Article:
Kudzu is a plant that grows on a vine native to Southeast Asia, which, by its scientific name, is called “Pueraria lobata.” Kudzu grows very rapidly, about one foot a day in the summer, and has broad, green leaves and sweet-smelling purple flowers. The leaves, vine tips, flowers and roots are even edible and delicious. In Japan, it is often used as a starch for cooking.
Kudzu was brought to the United States in the late 1800s, and farmers in the South were encouraged to plant it for forage and to reduce soil erosion. Because it grows so quickly and was planted by so many, kudzu gained a bad reputation in the Southeastern part of the U.S. for being an invasive species. But recently it has received some positive publicity for helping people to recover from alcoholism.
Kudzu as a medication
Kudzu has been used for millennia in traditional Chinese medicine (TCM) and is said to have many therapeutic properties, such as reducing inflammation, fighting cancer and improving blood flow. It is used in TCM to treat many conditions, such as fever, diarrhea, diabetes and cardiovascular disease. Scientific studies in the West have even supported kudzu use in the treatment of diabetes and cardiovascular disease, presumably because of the isoflavonoids it contains.
Current medications for alcoholism
There is a need for more effective treatment for alcoholism, which continues to be a major health problem in the United States. Currently, several medications are commonly prescribed to prolong abstinence, though evidence supporting their safety and effectiveness is mixed. For example, naltrexone or acamprosate is prescribed to reduce cravings but can be toxic to the liver. Disulfiram causes severe illness when alcohol is consumed but also is toxic to the liver, and people who want to drink simply don’t take it. Baclofen (a muscle relaxant) and topiramate (an anti-seizure medication) have both been used “off label” (meaning approved for another use) to treat alcoholism with some reported success.
Kudzu as a tool for sobriety
In an effort to find a safe and effective aid for alcoholics to abstain from drinking, some have turned to kudzu. Because Kudzu has been commonly used for millennia in TCM, it is apparently safe when the proper formulation is taken as directed by a knowledgeable practitioner. It has been long known by Asian cultures to ease hangovers and reduce cravings for alcohol. Preliminary scientific evidence also shows that it may, in fact, reduce alcohol consumption and prolong abstinence in some heavy drinkers.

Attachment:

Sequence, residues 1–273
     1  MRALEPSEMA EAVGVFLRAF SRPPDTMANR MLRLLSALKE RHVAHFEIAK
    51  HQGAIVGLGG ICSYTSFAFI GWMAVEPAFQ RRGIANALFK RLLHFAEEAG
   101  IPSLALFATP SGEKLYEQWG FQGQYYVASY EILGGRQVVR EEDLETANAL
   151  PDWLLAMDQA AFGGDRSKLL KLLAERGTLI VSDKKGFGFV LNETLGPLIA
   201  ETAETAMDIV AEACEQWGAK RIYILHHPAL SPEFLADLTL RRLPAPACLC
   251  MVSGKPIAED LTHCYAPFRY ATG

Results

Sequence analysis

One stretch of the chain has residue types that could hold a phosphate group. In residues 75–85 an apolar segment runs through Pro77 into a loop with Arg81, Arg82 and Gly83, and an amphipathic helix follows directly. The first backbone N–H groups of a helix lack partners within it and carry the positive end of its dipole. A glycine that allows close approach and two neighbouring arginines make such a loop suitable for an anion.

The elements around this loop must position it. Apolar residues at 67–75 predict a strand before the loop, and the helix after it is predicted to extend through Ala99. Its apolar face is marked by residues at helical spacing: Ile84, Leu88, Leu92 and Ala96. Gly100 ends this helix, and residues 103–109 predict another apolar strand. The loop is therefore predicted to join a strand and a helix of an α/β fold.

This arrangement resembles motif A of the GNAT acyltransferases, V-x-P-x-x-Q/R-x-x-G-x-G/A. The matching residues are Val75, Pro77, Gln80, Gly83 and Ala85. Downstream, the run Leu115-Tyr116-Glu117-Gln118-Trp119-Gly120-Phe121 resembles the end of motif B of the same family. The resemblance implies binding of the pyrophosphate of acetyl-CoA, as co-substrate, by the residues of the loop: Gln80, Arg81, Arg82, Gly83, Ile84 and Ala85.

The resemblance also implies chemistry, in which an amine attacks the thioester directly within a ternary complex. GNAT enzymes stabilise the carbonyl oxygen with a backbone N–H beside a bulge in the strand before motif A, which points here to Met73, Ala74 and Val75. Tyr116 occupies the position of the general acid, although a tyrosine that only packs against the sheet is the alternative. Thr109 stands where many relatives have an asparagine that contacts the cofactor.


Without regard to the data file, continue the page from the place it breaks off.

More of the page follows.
The two studies referenced above all come from the same McLean Hospital team of researchers, who have been studying the effects of kudzu as a treatment for alcoholism for over a decade. When kudzu was proven to reduce alcohol consumption in heavy drinkers, the researchers applied to study it further in a population of treatment-seeking alcohol-dependent persons, but oddly, this work was not supported.
In any case, recovery chat rooms are full of people who swear that kudzu has helped them stay sober, and others who say it has not. These differences may be because preparations vary, and not all contain enough of the necessary isoflavonoids thought to be effective. While some promote the use of kudzu root, others report that it is the flower that contains the properties effective against alcohol. While reputable TCM practitioners and pharmacists might know the appropriate source and dosage of kudzu, most Americans do not yet. Researchers need the funding and support to further study kudzu as an effective treatment for alcoholism.
The Sovereign Health Group treats individuals with substance abuse, mental health problems and dual diagnosis using state-of-the-art methods and holistic complementary therapies. Ongoing treatment and aftercare provide the support patients need to recover from trauma and/or addiction, and all of the associated consequences. We also provide our graduates with online access to educational resources, health information and other opportunities. To find out more about our specialized programs at Sovereign Health, please call our 24/7 helpline.
About the author
Dana Connolly, Ph.D., is a senior staff writer for the Sovereign Health Group, where she translates current research into practical information. She earned her Ph.D. in research and theory development from New York University and has decades of experience in clinical care, medical research and health education. The Sovereign Health Group is a health information resource and Dr. Connolly helps to ensure excellence in our model. For more information and other inquiries about this article, contact the author at email@example.com.